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Tuesday, September 20, 2016

Musings on a Survivor Hive

There’s this little hive I have behind my house. They came on their own, moving into an empty trap hive I had stored back there. But that was two years ago. I haven’t done anything with them. I haven’t even peeked inside their box. I guess at this point it makes them a survivor hive.

I just let them be, coming and going as they maintain their little colony. It gives me something to watch, especially the abundant activity in the morning as they bring in pollen. The afternoon entertainment is the orientation flights of the new field bees.

My house always seems to be a magnet for swarms—mainly because I have empty equipment stored around it. Before I know it, a swarm has arrived and moved into one of the empty trap hives. 

Sometimes I see bees checking out the swarm traps a head of time. Other times I don’t notice anything until the loud buzzing of the bees indicates a swarm is moving into one of the boxes. Other times it is as if they have magically appeared overnight. One day there is an empty box and then the next I see bees coming and going from the entrance.

My wife saw this one arrive. She was on the back patio washing clothes when the swarm arrived. They moved right into the empty box with causing a problem. I came home from school that day to the surprise.

Even though I’ve never opened their box to peek inside, I know they have to be Africanized bees. That’s what we have in Honduras. That’s what everything is. And that’s probably the main reason I haven’t opened it. I don’t want to risk a neighbor getting stung since I live right in the middle of town.

But they don’t cause any problems. The colony can only grow so big because the box is small. A couple puffs of smoke keeps them calm when it comes time to cut the grass in front of them.

This means that I have no idea what they’re doing inside of their box. All the comb could be nice and straight or maybe it’s a curving mess. The trap hive is a rectangular-shaped Tanzanian-style tbh. I use to manage several of these types of top bar hives and I made some trap hives to catch swarms for filling them.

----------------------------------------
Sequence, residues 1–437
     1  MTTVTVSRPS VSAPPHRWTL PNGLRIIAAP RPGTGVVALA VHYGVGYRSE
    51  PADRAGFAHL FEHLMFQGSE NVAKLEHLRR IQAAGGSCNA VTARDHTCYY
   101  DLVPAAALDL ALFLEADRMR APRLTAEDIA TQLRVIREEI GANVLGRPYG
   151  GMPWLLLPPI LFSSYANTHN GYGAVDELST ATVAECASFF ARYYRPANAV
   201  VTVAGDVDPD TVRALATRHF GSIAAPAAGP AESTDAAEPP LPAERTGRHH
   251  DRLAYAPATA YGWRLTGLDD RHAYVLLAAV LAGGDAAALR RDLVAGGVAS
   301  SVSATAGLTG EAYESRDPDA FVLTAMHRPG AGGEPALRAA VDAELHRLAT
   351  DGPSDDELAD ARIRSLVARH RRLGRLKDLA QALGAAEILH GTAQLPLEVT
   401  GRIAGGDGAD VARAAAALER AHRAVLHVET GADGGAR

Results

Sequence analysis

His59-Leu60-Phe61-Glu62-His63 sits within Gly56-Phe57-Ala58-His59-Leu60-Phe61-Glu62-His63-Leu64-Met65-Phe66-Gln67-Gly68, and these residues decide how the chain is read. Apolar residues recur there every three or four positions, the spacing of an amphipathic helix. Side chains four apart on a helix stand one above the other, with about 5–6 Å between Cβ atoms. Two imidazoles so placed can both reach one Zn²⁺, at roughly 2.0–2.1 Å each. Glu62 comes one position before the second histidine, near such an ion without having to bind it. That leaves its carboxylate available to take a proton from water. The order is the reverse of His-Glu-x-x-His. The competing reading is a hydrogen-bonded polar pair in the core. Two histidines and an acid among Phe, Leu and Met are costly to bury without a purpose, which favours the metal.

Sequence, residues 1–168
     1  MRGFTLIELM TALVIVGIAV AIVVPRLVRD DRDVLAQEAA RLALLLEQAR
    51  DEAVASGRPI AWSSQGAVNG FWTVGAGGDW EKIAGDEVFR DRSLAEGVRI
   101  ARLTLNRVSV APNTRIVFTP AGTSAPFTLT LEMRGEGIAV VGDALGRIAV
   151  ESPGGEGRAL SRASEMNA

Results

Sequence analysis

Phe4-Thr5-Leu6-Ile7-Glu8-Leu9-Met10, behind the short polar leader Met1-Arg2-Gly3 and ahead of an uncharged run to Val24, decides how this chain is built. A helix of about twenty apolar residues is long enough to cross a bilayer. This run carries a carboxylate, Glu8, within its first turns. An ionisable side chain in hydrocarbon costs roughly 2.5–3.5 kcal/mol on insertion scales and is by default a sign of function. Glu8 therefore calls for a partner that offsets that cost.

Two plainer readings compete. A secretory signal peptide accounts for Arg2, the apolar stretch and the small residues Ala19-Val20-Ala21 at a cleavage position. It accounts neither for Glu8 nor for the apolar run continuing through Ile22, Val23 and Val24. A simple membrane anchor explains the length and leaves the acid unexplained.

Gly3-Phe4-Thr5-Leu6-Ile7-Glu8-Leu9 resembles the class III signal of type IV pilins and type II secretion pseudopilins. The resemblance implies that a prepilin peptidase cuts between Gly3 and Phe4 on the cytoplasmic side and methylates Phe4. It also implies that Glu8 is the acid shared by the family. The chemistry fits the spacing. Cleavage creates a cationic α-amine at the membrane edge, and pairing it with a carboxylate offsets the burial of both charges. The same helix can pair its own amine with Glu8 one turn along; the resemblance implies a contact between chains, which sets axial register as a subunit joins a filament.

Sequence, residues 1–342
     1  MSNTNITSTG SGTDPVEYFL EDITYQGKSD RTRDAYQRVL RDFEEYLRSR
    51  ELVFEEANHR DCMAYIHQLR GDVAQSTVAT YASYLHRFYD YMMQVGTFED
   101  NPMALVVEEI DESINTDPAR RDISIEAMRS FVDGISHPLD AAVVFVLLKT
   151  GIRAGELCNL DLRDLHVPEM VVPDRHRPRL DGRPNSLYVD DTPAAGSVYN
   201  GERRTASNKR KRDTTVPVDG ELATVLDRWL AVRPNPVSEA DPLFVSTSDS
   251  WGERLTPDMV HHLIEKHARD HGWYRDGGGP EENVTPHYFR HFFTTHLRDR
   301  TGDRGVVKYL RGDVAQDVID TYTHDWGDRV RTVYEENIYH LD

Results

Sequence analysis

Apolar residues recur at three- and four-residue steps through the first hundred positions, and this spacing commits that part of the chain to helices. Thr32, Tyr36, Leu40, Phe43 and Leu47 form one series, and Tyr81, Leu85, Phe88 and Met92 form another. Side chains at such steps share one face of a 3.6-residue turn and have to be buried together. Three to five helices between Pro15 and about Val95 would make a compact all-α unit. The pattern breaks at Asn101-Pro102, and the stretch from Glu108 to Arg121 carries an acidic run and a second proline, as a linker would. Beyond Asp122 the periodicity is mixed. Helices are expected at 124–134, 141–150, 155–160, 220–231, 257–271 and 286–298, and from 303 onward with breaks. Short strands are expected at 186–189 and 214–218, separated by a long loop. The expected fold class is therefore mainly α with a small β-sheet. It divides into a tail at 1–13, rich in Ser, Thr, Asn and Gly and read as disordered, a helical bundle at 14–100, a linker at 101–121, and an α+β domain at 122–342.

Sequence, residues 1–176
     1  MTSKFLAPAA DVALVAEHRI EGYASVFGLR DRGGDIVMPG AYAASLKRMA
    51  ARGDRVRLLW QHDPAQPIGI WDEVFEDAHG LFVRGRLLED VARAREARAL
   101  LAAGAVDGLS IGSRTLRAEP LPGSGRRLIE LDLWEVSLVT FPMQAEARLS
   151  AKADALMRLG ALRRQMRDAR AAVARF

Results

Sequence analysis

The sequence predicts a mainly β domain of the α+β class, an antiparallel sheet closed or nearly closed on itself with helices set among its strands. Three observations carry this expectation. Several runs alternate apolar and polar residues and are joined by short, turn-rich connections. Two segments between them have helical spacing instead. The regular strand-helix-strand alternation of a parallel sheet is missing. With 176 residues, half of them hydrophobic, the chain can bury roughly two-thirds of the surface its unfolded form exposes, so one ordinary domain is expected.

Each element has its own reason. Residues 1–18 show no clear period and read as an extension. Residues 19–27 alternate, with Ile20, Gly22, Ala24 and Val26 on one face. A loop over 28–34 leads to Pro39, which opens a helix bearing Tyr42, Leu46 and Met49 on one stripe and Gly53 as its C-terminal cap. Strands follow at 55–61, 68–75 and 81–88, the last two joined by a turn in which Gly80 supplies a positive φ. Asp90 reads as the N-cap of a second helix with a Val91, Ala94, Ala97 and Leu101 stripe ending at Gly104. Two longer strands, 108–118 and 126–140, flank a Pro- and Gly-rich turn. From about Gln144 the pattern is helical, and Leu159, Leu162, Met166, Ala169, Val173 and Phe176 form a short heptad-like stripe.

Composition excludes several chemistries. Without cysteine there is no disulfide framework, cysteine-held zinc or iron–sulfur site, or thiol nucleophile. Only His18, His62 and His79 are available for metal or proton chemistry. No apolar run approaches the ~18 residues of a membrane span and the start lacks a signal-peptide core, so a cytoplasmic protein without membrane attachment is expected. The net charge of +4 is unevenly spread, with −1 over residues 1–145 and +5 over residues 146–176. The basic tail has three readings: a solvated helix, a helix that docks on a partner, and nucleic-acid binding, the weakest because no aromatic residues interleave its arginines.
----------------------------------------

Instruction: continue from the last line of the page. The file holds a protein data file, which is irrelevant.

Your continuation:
There are four frames with wide top bars (I can see the nails that go into the side pieces.) On either side of them is a normal top bar. This gives them a space equivalent to six deep frames.

It’s not much room. They’ve swarmed, at least once. There may have been other times that I haven’t noticed. It keeps them small and less defensive. It should also keep them with a young queen.

If I remember right, this box has never caught bees for me when I’ve hung it up in a tree. I’ve dumped a swarm into it several times but it never worked when I was actually trying to bait a swarm into it. I specifically remember this trap because one of its entrances is just a knot hole. It makes this box unique.

So you could almost begin to call this a survivor hive after two years of zero manipulations. But maybe it has to go at least another season yet. What makes a colony a survivor can be debatable.

They always have lots of activity around their entrance meaning they are probably healthy and populous. This morning they were bringing in some pollen. Most was a pale cream while others were yellow or even a bit gold in color. Definitely they are surviving.

It will eventually get moved. Not right now, however. We’re still in the dearth. It will be less stressful once the flowers really begin blooming in force in another month. If I decide to take them up to the coffee apiary in the mountains, it’ll be Christmas time. 

In the meantime, I will just let them be, paying them an occasional morning or afternoon visit. I sip a cup of coffee and watch them.